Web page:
In Chapter Eight, along with the requirement that there be a national public protector, the provinces are authorized by the constitution to enact legislation establishing provincial public protectors within a context whereby the national public protector has concurrent jurisdiction within the provinces. In addition, traditional communities are written into the constitution in matters involving the restitution of land rights.

Chapter Nine is devoted to provincial government. The nine provinces are specified in the constitution as the provinces of the republic. At the same time, provisions are made for either agreement within the provincial legislatures or referenda to determine the disputed areas assigned to one or another province, the division of the Eastern Cape into two separate provinces, and the continued existence of the Northern Cape as a province.

Each province will have a legislature with concurrent competence with parliament to make laws for the province within a list of scheduled functional areas. Nevertheless, acts of parliament will prevail over those of provincial legislatures for a variety of reasons defined with relative vagueness to allow great parliamentary discretion. Provincial legislatures will have no areas of exclusive competence but some vague protections against parliamentary preemption in some fields.

Chapter Nine sets a framework for the size of provincial legislatures, requires their election by proportional representation, and provides for their duration, dissolution, elections, and organization either in a general or specific way. In essence, Chapter Nine is a partial common constitution for the provinces, including fifty sections and defining a rather complete frame within which provincial constitutions must fit. The chapter also provides for provincial executive authority headed by a provincial premier in a parliamentary system, governing within the framework of the transitional and provincial constitutions in conjunction with an executive council of not more than ten members appointed by him which must include any party holding at least 10 percent of the seats in the provincial legislature that has decided to participate in the executive council and be given a portfolio or portfolios accordingly.

Chapter Nine also provides that a province shall be entitled to an equitable share of revenue collected nationally, established on a percentage basis by act of parliament or as a conditional or unconditional parliamentary allocation, all of which are to be determined by the national parliament. A province may also levy taxes, surcharges, or other levies when it is authorized to do so by parliament upon the recommendation of the Financial and Fiscal Commission and provided that there is no discrimination against non-residents of the province who are South African citizens. It may also charge user fees and borrow money but within the framework that the national parliament provides. In addition, national funding for local governments shall ordinarily be made through the provincial government. In many respects this is the most potentially restrictive condition on provincial powers in the constitution.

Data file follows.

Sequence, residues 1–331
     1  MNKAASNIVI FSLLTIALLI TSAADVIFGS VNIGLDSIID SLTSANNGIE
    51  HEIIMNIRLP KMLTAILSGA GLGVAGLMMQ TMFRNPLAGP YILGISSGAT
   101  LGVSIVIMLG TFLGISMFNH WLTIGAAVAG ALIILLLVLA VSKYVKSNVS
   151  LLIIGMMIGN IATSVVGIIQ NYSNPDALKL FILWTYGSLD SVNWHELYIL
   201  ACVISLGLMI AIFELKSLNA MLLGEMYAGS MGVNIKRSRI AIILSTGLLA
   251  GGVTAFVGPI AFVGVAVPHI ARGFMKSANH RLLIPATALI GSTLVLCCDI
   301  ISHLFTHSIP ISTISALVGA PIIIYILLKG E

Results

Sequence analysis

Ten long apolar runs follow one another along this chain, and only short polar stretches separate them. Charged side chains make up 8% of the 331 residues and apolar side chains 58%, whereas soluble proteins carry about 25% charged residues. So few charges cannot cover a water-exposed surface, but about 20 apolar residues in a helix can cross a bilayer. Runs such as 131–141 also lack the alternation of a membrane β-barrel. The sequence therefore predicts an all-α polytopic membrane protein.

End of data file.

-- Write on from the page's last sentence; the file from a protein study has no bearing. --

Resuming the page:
Provincial legislatures are authorized to enact provincial constitutions provided that they pass the review of the national constitutional court. All these provisions are subject to review and recommendation by a commission on provincial government to be appointed by the president of the republic to determine the final provincial framework and powers of the country, subject to a list of constitutional provisions reflecting the general concerns of the transitional constitution. The structure and functioning of the constitutional commission is specified at the end of Chapter Nine.

The transitional constitution also provides for local government in Chapter Ten, a short general chapter consisting of seven sections designed, inter alia, to establish the autonomy of local government within the overall constitutional framework and delineate its powers in a general way. The connections between local and provincial government are either provided in a vague manner or in ways designed to protect the rights of local government to obtain a share of provincial revenues.

As part of the consociational dimension of the transitional constitution, traditional authorities are given constitutional status in Chapter 11. Traditional authorities must have preexisted the transitional constitution in order to gain constitutional recognition. In addition, each province must establish and empower a house of traditional leaders with powers to delay legislation. Nationally, a council of traditional leaders with advisory powers is to be established.

The financial and fiscal chapters of the constitution provide both protections and limitations for the provinces along with the national and local governments.

A public service commission is established (Chapter Thirteen) with powers over both national and provincial governments designed, inter alia, to provide for a more equitable distribution of public service jobs for all groups in South Africa. The chapter also provides that provincial legislatures may establish provincial service commissions subject to national norms and standards.